Horses are an expensive hobby, but “expensive” doesn’t have to mean “unaffordable” no matter what your budget (read The Real Cost of Owning a Horse to see what you should budget for). After college, I had student loans and a mortgage to pay, and my day job paid less than $10/hour, but I still managed to afford my horses without eating Ramen noodles for every meal.
The reality is that our economy still hasn’t recovered from the 2008 recession, and most people have a side hustle. Whether you own a horse or just want to be part of the horse industry, these seven side hustles make you extra money and give you the horse contact you crave. Unlike most bloggers who recommend side hustles they’ve never tried, I’ve actually done all of these.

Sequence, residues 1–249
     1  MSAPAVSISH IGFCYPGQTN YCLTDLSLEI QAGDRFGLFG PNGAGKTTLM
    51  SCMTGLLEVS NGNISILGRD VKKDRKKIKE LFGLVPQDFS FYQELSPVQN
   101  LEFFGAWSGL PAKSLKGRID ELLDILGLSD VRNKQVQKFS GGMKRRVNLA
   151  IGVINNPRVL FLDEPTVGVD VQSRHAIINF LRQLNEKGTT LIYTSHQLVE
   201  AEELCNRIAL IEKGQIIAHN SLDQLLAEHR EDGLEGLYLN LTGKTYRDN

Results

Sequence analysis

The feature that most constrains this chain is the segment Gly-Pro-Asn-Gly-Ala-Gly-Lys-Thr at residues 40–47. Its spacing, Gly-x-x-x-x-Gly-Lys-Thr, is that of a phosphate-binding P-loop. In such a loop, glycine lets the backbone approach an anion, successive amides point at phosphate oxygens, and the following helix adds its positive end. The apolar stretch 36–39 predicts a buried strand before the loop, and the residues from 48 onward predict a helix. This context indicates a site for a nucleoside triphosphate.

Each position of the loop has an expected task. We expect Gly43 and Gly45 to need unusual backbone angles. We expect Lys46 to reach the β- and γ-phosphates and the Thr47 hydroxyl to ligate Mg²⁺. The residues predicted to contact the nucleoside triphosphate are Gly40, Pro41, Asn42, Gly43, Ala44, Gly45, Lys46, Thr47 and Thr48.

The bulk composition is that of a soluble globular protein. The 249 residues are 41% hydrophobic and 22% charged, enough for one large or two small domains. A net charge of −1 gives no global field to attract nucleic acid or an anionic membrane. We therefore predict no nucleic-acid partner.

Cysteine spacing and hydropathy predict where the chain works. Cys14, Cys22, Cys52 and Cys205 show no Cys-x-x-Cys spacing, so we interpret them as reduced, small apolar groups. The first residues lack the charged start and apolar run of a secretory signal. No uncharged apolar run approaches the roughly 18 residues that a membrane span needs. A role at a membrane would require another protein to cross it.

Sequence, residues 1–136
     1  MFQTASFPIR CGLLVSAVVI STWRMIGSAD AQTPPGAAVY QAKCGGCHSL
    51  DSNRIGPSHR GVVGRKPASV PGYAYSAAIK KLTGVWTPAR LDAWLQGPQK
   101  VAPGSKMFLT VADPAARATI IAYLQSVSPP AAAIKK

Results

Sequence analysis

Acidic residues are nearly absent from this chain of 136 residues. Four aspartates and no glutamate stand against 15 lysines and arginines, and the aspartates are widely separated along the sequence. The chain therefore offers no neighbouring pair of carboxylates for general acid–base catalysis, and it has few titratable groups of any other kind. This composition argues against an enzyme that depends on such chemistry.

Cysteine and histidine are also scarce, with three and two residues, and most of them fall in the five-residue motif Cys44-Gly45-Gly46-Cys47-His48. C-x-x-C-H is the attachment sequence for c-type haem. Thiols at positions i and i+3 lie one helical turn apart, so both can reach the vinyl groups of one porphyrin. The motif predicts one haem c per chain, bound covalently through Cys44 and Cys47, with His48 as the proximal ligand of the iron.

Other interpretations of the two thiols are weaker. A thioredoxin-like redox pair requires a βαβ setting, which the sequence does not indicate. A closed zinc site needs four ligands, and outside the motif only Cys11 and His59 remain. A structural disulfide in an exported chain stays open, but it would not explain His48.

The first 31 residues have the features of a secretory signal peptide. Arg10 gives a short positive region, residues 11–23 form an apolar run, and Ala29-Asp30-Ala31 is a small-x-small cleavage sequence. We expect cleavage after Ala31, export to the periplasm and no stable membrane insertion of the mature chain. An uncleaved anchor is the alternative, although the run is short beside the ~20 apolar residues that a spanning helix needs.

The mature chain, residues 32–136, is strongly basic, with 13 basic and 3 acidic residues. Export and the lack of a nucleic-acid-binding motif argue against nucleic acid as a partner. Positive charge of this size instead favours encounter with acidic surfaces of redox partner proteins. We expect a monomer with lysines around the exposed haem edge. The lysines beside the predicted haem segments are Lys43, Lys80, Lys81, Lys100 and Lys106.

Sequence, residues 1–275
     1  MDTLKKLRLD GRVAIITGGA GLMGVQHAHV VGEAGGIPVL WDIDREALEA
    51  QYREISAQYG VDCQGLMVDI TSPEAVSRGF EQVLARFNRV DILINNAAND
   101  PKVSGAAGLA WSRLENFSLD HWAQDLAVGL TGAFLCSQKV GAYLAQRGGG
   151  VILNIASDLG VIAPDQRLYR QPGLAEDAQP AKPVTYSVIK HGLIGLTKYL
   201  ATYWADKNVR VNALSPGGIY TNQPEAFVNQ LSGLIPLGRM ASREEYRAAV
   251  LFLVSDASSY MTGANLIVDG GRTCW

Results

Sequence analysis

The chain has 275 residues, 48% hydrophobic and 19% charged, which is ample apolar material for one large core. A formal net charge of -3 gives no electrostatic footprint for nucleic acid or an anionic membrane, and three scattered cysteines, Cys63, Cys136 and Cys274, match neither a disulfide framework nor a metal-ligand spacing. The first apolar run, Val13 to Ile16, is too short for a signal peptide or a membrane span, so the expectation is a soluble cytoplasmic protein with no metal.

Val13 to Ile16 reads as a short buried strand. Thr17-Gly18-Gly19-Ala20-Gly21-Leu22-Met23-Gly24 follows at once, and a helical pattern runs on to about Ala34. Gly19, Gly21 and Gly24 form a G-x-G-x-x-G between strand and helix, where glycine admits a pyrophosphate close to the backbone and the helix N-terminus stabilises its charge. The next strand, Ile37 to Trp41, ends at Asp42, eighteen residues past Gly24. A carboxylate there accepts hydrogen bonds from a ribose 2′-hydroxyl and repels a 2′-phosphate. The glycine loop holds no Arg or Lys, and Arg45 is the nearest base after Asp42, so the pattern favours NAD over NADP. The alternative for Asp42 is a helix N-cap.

By far the most miserable side hustle on this list, but it made me a good amount of money in a short amount of time.
If you live in cattle country, most ranchers need help night calving. Unfortunately, most of them calve in the late winter/early spring, which is a miserable time for cattle and for people. Night calving involves sitting on a horse, in the middle of the night, riding through the herd watching for cows ready to calve so that you can get them to the barn. If you find one that already dropped her calf, you load the calf up on a sled and take it to the barn to warm it up. You have to be constantly vigilant watching the herd because in the cold weather the calves freeze quickly.